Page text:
Okta and OneLogin have entered the directory market with Universal Directory and Unified Directory, respectively. However, IT admins have debated on whether these solutions are truly directory services. To clear up some confusion, let’s explore Universal Directory vs. Unified Directory.
Unified vs. Universal: Key Differences
Similar to AWS® Cloud Directory, many modern directory solutions are a hierarchical repository for user data and attributes from other systems. These solutions are meant to integrate user attributes from a wide range of systems within the organization. Think HR data integrated with other user profile data into one complete user centric database. That’s essentially one part of the directory market.
It seems as though both Unified Directory and Universal Directory are taking this approach, which makes sense considering Okta and OneLogin both specialize in SSO –– meaning that they often sit on top of a core identity provider such as Active Directory.
There is another category of directory services solution that focuses on not only user attributes, but also authenticating and authorizing user access to a wide range of IT resources including systems, file servers, networks, and, of course, applications. Often these solutions are called identity providers as well.
There are key differences that separate the identity provider type of directory-based services from their cloud directory counterparts that focus on attribute data and their associations with each other.
Here’s a brief overview of how Unified Directory and Universal Directory compare.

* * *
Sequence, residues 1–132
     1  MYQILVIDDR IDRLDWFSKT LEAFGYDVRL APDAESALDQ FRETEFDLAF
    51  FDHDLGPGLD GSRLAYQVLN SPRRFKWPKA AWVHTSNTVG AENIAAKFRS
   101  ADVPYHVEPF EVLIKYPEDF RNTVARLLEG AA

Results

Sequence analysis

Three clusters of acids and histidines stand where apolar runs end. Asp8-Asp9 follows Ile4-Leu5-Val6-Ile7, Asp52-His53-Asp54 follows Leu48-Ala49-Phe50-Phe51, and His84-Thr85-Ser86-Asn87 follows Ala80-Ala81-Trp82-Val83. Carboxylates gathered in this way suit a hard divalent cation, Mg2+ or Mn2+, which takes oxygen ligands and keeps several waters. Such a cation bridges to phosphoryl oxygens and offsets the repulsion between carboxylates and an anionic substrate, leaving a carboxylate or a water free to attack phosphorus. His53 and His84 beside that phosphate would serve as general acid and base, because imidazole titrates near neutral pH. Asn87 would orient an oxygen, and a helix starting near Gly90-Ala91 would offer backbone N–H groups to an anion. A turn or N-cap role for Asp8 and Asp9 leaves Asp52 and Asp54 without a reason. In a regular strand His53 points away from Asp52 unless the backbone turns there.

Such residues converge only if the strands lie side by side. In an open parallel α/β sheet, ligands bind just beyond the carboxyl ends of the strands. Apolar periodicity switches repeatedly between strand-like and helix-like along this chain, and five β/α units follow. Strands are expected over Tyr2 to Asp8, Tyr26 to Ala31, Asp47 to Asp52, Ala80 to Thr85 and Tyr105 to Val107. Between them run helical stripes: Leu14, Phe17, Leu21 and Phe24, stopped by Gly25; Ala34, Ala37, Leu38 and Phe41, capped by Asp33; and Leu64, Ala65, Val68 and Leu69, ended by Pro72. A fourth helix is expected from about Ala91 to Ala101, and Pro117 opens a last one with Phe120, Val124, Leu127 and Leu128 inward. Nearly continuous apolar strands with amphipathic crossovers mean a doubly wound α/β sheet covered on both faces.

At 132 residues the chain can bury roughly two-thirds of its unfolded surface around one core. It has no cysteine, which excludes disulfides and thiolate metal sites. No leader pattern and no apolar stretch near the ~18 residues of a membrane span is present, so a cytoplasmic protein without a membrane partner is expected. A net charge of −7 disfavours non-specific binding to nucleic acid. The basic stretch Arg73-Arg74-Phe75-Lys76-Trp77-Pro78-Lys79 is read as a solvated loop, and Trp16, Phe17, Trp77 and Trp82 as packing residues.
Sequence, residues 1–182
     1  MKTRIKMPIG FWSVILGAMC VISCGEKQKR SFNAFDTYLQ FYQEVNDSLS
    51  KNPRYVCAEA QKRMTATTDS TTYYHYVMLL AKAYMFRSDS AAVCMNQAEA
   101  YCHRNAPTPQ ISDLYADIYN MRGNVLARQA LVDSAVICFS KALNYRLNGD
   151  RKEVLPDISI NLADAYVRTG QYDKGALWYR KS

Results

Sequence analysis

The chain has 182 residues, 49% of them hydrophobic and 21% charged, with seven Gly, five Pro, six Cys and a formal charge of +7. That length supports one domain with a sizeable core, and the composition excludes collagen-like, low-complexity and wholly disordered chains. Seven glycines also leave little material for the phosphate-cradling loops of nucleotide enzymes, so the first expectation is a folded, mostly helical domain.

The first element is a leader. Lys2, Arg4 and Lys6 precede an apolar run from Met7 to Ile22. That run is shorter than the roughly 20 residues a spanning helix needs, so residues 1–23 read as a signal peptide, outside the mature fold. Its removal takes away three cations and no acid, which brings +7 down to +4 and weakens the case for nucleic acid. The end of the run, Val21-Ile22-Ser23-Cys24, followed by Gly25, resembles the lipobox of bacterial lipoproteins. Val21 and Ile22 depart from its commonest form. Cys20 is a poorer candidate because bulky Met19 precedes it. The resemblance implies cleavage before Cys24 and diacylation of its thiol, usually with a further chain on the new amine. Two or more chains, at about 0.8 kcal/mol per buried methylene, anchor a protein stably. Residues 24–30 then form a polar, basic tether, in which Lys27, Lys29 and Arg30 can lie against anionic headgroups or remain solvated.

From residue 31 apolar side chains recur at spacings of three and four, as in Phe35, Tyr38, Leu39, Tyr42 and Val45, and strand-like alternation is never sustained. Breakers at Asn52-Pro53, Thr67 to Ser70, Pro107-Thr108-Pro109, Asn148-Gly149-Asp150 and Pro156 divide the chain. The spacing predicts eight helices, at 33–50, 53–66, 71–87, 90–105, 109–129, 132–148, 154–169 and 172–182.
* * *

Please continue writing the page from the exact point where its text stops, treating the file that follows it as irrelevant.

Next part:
OneLogin Unified Directory
OneLogin Unified Directory (not to be confused with Oracle Unified Directory) seems to sync user information from various directories and allows admins to manage them from a cloud-based platform. Although it’s described as a cloud-based directory service, it seems as though an existing directory (LDAP, Active Directory®, etc.) or HR system is required as a source for user information.
Universal Directory is similar in that it also integrates with other directories and allows admins to manage users remotely. The main difference appears to be that Universal Directory has been around longer and therefore has had more time to grow. As such, it’s gradually gaining more features to make it a more fully featured cloud directory.
Are Universal and Unified Directory Actual Directories?
Although both Unified Directory and Universal Directory provide some of the same features as an independent directory service or identity provider, they seem to serve organizations better in conjunction with Active Directory. Pairing either with AD seems to complete the missing functionality between them.
Some admins may be content with these tools, but there is another tool that is a cloud identity provider that can serve as a replacement to Active Directory. It can also be used to integrate with AD, LDAP, and many other directories/systems. But it can also stand on its own, providing authentication and authorization services for users when accessing a wide range of IT resources including Mac, Windows, and Linux systems, cloud and on-prem servers from AWS, web and on-prem applications via SAML and LDAP, WiFi and VPN networks through RADIUS, and physical and virtual file servers. For admins interested in gaining full control over user authentication, and eliminating the need for on-prem or less robust options, consider adopting JumpCloud® Directory-as-a-Service®.
Instead of trying to divine the difference between Universal Directory and Unified Directory, look toward a true Directory-as-a-Service®. Visit our knowledge base for more information on what DaaS is capable of, or schedule a free demo to see how it can work for your organization.